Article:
I attended the WeAreTechWomen conference last year for the first time and I was incredibly impressed by the speakers and the way it was hosted online due to the pandemic. It was also great to be able to listen to the speakers in my own time as everything was recorded. I am also part of STEMConnext which is a fantastic network of women in tech, which is run by my friend Gill Cooke. They provide events and webinars on a range of topics including Diversity and Inclusion, mental health and host regular networking events and book clubs.

What are the most interesting elements of your job, and/or elements you feel most passionate about?

I love being able to show how anyone, no matter their level of technical experience, can use Passenger’s system. There is a huge amount of complexity behind the scenes, but our team of engineers bring everything together seamlessly and as a team we constantly look to improve the product by listening to feedback.

I’ve also really enjoyed developing myTrip, our multi-operator app, to support the smaller operator market. Its development means we can now offer cutting edge mobile ticketing capabilities to all operators within the UK now, no matter how big or small their operation. It definitely helps to make my role more interesting and diverse.

What are you currently working on that you’re excited about and why?

It’s still early days for myTrip as we launched last October, but we now have nearly 50 UK operators signed up from all over the country. It’s been fun working on the product development, marketing strategy and bringing new operators onboard.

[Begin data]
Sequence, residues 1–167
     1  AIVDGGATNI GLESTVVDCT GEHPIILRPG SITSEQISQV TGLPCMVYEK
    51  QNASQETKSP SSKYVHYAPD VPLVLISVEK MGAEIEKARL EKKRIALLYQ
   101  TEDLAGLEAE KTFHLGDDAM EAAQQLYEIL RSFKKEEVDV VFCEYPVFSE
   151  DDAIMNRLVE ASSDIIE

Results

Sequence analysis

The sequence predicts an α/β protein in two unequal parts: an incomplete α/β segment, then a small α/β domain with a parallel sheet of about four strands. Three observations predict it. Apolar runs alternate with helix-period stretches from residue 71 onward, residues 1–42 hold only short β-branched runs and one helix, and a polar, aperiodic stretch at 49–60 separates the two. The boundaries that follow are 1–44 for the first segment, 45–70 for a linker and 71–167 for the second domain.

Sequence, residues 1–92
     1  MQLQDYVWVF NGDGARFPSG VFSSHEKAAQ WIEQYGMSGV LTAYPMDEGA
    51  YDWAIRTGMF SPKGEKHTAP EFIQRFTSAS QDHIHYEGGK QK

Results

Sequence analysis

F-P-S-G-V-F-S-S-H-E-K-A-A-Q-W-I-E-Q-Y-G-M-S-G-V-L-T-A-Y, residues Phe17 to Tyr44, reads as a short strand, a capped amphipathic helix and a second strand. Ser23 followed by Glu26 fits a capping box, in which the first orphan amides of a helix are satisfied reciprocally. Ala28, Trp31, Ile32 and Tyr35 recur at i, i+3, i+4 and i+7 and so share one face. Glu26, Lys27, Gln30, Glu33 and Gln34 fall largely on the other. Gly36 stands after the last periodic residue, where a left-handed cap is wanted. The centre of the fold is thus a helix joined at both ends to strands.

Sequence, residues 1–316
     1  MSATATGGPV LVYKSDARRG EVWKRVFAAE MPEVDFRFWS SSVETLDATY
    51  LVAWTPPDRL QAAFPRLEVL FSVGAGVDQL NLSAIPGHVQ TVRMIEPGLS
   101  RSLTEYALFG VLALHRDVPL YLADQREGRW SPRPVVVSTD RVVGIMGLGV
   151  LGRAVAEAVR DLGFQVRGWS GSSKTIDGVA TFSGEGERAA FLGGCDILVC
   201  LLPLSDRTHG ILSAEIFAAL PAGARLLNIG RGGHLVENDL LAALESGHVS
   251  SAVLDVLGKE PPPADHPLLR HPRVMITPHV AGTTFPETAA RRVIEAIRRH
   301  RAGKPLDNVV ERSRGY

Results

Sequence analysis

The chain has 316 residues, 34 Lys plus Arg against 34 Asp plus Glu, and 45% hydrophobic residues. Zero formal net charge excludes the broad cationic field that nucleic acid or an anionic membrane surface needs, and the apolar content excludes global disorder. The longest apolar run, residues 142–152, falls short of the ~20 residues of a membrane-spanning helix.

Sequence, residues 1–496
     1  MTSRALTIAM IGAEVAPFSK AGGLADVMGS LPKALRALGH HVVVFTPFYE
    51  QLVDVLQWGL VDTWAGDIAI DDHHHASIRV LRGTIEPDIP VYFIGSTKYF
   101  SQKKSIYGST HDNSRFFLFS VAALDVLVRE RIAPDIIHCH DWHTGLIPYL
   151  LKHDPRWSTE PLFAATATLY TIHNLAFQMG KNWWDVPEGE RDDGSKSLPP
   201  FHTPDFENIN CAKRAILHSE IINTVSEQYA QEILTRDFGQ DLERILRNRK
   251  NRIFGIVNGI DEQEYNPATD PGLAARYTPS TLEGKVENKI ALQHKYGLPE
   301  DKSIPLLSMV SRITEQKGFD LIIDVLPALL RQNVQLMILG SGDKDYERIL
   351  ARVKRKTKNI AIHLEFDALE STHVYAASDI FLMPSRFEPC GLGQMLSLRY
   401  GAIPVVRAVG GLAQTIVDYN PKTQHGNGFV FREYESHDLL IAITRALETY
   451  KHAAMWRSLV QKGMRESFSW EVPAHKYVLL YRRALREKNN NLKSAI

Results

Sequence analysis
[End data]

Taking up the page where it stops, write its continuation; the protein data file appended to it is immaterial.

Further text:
myTrip is designed currently for the smaller operator market offering live bus tracking and mobile ticketing and we are getting a very positive response from both operators and their passengers. We are now starting to launch myTrip websites which bring even more functionality such as journey planning and interactive timetables. We’re continuing to make bus travel more convenient and accessible for all.

Why do you think it’s important for more women to work in the transport and tech industries?

Workplace diversity is an important part of any business success and this includes the transport and tech industries. Becoming more diverse and inclusive means you introduce many more different opinions and perspectives, leading to improved engagement and creativity within teams.

There are some incredibly inspiring women leading major bus companies now, breathing fresh life and ideas into what has been a traditionally older, male dominated industry.

WeAreTechWomen has a back catalogue of thousands of Inspirational Woman interviews, including Professor Sue Black OBE, Debbie Forster MBE, Jacqueline de Rojas CBE, Dr Anne-Marie Imafidon MBE and many more. You can read about all our amazing women here.